1. Should Your Organization Have a Work from Home Pledge?

    September 16, 2020 by BPIR.com Limited

    Originally posted on Blogrige by Harry Hertz

    In a recent blog, entitled The New Normal Will Require RE2ST3, I asserted one of the components of the new normal will be long-term work from home (telework). I believe this shift will require all organizations to examine key factors associated with employee engagement. That is the topic of this blog post.

    Background
    Let me share some data and information relevant to our collective experiences over the last few months, as massive rapid shifts to telework occurred.

    Bloomberg Business reported on a study of 3.1 million people at more than 21,000 companies in 16 cities around the globe, comparing workforce behaviors over two eight-week periods one before and one after pandemic shifts to telework:

    • With telework the average workday lasted 48.5 minutes longer
    • The number of meetings increased by 13%
    • The number of meeting attendees increased by 14% (The average length of meeting decreased by 20%.)
    • Internal e-mails increased by 5%
    • The number of e-mails sent “after hours” increased by 8%

    A Bloomberg report on U.S. workers concluded:

    • People were working three additional hours in the U.S. and logging in at odd hours according to VPN data; there was a spike in usage from midnight to 3 a.m.
    • Boundaries between work and life have virtually disappeared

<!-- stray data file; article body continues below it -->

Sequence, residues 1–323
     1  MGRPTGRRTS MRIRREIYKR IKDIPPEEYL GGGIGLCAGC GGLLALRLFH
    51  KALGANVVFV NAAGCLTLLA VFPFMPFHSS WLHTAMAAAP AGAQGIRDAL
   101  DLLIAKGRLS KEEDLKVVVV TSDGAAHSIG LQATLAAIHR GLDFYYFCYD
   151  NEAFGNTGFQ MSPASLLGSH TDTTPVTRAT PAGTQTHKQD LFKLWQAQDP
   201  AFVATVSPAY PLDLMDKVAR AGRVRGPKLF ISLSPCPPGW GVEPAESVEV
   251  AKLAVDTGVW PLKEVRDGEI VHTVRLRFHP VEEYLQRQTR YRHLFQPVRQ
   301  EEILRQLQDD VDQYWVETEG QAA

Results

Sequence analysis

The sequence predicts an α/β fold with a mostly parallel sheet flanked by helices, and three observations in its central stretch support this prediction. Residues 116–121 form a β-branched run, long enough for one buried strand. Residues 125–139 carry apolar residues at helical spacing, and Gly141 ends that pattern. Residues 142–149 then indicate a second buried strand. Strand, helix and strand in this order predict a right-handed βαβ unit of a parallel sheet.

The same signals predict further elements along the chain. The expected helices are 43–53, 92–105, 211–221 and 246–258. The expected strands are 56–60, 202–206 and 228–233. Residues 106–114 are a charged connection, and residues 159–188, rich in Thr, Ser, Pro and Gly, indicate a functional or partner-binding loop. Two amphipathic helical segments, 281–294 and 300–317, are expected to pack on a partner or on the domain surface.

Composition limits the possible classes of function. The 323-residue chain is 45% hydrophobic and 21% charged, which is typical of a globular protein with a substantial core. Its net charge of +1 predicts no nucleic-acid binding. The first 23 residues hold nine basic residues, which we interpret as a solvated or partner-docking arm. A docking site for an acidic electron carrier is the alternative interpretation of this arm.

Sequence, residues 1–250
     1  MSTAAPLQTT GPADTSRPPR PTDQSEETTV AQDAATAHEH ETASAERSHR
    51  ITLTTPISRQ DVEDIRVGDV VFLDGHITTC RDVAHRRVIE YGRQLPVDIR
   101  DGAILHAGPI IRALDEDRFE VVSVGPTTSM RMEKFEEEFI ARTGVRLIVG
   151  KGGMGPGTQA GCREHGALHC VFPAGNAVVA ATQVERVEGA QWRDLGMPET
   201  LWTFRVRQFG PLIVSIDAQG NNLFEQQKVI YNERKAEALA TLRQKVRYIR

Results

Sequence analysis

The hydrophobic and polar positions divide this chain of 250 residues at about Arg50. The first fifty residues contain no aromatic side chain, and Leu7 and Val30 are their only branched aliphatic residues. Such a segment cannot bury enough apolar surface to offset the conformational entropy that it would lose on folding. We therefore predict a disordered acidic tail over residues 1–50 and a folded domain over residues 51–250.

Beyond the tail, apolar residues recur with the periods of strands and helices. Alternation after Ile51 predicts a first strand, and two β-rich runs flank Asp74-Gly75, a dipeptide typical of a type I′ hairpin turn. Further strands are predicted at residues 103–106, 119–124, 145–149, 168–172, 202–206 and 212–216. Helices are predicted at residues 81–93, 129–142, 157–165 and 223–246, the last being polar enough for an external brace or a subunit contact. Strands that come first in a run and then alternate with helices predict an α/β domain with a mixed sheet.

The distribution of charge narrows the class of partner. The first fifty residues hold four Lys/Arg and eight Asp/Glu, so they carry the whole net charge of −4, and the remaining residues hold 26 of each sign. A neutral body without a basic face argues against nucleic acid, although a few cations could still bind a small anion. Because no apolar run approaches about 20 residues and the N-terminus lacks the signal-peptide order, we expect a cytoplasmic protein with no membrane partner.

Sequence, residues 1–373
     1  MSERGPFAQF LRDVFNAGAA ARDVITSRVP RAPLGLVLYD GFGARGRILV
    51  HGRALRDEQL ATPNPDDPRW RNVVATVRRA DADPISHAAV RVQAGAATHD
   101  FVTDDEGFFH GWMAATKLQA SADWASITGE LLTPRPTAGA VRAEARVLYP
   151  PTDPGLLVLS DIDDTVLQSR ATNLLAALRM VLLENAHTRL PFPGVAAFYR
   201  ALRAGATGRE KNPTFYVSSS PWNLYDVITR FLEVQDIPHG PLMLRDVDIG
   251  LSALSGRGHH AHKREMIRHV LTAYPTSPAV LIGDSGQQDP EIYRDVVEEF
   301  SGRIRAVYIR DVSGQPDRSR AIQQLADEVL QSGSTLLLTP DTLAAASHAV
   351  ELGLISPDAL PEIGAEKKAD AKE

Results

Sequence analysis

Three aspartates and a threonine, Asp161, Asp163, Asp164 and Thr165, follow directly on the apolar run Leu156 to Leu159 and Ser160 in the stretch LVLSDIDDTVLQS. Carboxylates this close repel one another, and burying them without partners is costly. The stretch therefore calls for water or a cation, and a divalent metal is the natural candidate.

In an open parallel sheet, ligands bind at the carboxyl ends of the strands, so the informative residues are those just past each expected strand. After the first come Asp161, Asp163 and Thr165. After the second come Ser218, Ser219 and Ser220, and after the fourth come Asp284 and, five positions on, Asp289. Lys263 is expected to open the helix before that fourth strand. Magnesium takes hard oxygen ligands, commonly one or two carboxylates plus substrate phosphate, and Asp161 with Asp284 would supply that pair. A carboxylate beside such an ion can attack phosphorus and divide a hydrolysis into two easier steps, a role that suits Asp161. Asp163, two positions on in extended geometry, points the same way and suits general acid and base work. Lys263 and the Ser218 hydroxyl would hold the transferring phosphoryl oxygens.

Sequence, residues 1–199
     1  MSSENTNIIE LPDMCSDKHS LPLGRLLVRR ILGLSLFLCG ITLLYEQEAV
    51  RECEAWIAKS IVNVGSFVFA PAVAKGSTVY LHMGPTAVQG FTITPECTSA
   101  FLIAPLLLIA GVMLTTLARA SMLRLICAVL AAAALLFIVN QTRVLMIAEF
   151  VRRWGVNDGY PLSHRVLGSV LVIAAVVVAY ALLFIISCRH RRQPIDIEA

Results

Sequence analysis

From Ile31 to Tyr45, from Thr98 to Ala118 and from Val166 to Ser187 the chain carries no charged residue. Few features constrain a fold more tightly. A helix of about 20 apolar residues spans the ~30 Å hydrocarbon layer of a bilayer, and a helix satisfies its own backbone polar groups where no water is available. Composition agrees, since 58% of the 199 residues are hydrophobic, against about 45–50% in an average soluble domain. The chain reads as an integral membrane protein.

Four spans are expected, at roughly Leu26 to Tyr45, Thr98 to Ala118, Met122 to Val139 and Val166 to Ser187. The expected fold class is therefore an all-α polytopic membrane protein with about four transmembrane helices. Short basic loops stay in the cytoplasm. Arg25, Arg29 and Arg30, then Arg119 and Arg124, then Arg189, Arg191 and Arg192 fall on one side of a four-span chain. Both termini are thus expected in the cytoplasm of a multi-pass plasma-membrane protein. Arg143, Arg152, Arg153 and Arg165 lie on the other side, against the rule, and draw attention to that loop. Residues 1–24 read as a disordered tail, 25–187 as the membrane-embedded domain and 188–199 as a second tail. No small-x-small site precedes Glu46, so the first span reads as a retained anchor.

• Burnt-out employees feel they have less free time than they had when they “wasted” hours commuting and they feel pressure from bosses to prove they are working
    • A survey of 1,001 U.S. employees conducted by Eagle Hill Consulting showed that almost half attributed their mental toll to an increased workload, the challenges of juggling personal and professional lives, and a lack of communication and support from their employer

    Recognizing the shift to remote work as a permanent change, the sports outfitter REI, has recently put its almost completed eight-acre new corporate headquarters on the market. Designed for the outdoor lifestyle the campus included such amenities as a fire pit, a blueberry bog, courtyards with native plants, and al fresco conference rooms. According to REI’s chief customer officer, Ben Steele, “We’re a national organization, and life outdoors looks different in, say, Atlanta than it does in Seattle than it does in Minneapolis or L.A.” REI’s stores are dispersed why shouldn’t the same be true for HQ personnel.